2 Surgeries May Work Equally Well for Incontinence
Doctors can choose the one they're more familiar with, expert says
"This finding is quite important as both procedures are safe and both had comparable success rates," he said. The study also showed that pelvic muscle training may only hold benefits for a small subset of patients undergoing surgery for apical vaginal prolapse, and that it's a question that needs further study, he noted.
If both surgeries work equally well, how do a surgeon and patient choose the best option? Trinh said based on the lack of evidence supporting one technique over the other, surgeons should offer their patients the technique they're most familiar with and comfortable performing.
From the patient's perspective, an important factor will be the consideration of side effects, he noted. "For example, the rate of neurologic pain requiring intervention was higher in the [sacrospinous ligament fixation] group," Trinh said. But ureteral obstruction -- a blockage in one or both tubes (ureters) that lead from the kidneys to the bladder -- was only seen in the [uterosacral ligament suspension] group.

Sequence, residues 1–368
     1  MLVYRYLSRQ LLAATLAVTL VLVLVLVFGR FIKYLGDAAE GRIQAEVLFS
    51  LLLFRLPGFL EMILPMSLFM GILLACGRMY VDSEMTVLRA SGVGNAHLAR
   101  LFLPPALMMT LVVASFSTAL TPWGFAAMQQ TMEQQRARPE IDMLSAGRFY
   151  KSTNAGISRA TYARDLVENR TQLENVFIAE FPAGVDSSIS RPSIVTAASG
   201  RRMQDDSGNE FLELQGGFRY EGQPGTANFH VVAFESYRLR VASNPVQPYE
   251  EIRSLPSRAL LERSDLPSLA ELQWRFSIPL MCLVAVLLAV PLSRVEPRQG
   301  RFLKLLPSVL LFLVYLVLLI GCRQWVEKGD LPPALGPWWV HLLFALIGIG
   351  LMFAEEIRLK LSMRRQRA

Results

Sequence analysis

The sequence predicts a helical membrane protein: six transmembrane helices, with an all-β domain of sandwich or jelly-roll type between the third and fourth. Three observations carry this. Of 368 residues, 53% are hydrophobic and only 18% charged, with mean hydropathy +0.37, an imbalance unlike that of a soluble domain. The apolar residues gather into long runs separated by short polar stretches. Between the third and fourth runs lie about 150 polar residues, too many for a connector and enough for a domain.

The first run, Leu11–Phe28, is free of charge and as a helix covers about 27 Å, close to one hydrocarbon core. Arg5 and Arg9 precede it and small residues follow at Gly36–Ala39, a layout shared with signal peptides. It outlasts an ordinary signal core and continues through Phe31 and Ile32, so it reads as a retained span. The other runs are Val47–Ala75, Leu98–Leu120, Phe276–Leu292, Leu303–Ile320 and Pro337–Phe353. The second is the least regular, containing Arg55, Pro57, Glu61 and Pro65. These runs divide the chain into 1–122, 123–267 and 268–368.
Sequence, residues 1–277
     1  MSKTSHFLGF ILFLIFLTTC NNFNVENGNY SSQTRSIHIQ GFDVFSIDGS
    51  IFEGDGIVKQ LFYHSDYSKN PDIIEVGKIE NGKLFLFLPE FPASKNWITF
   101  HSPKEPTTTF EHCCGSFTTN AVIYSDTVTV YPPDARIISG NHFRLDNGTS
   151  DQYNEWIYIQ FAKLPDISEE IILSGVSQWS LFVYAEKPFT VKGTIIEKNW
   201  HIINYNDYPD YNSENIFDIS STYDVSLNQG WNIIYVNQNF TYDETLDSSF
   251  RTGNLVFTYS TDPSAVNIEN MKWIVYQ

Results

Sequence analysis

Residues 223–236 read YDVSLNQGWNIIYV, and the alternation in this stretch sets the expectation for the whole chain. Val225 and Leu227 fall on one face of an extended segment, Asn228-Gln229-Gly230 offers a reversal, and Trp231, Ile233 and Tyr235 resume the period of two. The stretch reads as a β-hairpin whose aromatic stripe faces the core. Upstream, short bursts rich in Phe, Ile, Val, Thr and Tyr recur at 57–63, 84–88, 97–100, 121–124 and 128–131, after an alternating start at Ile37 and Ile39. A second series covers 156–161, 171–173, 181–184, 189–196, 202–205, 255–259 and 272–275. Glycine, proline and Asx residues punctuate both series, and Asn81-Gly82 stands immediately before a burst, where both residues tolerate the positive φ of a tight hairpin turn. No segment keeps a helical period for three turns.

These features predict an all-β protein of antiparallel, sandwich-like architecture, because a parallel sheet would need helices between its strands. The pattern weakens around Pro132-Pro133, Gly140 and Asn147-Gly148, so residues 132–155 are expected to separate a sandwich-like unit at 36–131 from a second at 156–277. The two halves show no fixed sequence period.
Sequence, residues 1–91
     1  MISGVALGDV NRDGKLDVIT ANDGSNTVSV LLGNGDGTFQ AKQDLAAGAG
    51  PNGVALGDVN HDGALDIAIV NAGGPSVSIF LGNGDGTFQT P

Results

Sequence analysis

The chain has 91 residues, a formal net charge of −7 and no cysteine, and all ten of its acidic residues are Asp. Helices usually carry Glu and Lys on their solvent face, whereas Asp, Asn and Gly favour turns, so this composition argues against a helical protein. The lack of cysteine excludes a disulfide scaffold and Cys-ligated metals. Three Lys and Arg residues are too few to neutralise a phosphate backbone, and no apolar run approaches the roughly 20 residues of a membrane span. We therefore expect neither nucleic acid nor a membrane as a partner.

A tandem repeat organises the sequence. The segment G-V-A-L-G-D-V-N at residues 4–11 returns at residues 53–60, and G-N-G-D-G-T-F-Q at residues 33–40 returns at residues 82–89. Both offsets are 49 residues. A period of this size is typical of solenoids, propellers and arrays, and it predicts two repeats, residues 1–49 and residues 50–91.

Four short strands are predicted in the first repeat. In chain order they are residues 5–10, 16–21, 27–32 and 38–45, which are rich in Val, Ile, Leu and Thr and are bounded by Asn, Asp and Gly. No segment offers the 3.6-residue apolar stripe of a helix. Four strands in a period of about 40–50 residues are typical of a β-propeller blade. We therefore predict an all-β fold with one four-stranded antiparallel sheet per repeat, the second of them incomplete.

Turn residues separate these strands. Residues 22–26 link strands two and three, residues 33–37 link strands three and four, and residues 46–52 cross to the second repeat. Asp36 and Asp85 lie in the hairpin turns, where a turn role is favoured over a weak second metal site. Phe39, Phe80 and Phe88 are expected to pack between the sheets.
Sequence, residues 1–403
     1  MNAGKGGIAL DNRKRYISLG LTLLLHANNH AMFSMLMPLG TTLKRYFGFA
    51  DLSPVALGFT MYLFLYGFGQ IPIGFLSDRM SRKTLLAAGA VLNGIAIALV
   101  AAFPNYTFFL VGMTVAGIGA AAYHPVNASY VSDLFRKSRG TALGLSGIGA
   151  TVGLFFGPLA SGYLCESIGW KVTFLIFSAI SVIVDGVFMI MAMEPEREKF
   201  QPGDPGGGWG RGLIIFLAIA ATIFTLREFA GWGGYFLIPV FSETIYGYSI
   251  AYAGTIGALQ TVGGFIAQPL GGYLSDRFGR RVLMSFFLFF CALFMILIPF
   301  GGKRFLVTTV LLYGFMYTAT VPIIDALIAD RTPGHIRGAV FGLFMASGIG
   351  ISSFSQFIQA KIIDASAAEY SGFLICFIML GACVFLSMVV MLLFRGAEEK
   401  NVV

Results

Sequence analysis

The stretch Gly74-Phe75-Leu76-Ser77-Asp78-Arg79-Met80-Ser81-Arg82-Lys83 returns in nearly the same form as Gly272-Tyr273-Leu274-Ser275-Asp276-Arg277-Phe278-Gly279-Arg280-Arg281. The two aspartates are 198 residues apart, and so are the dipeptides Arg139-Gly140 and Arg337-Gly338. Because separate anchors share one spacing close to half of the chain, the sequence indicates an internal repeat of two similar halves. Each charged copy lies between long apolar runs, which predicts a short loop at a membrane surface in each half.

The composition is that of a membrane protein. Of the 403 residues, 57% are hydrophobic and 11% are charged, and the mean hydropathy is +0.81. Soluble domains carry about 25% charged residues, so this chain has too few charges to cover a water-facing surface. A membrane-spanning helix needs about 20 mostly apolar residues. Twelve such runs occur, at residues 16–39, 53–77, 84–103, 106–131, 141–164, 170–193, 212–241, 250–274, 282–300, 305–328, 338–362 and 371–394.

"Patients should choose the approach they are most comfortable with, given the potential adverse outcomes of each," said Trinh.
Barber said in some cases a surgeon might make the call in the operating room, after starting surgery. Knowing both procedures are equally effective and safe is reassuring and allows the surgeon to provide the best option, he explained.
Barber said he hopes the study will also bring attention to an issue a lot of women live with but hesitate to seek treatment for because they believe there are no solutions.
"It's a condition that's very common. Studies like this not only provide us with useful information but they raise awareness, and patients may be more likely to bring it up with their doctors," Barber said.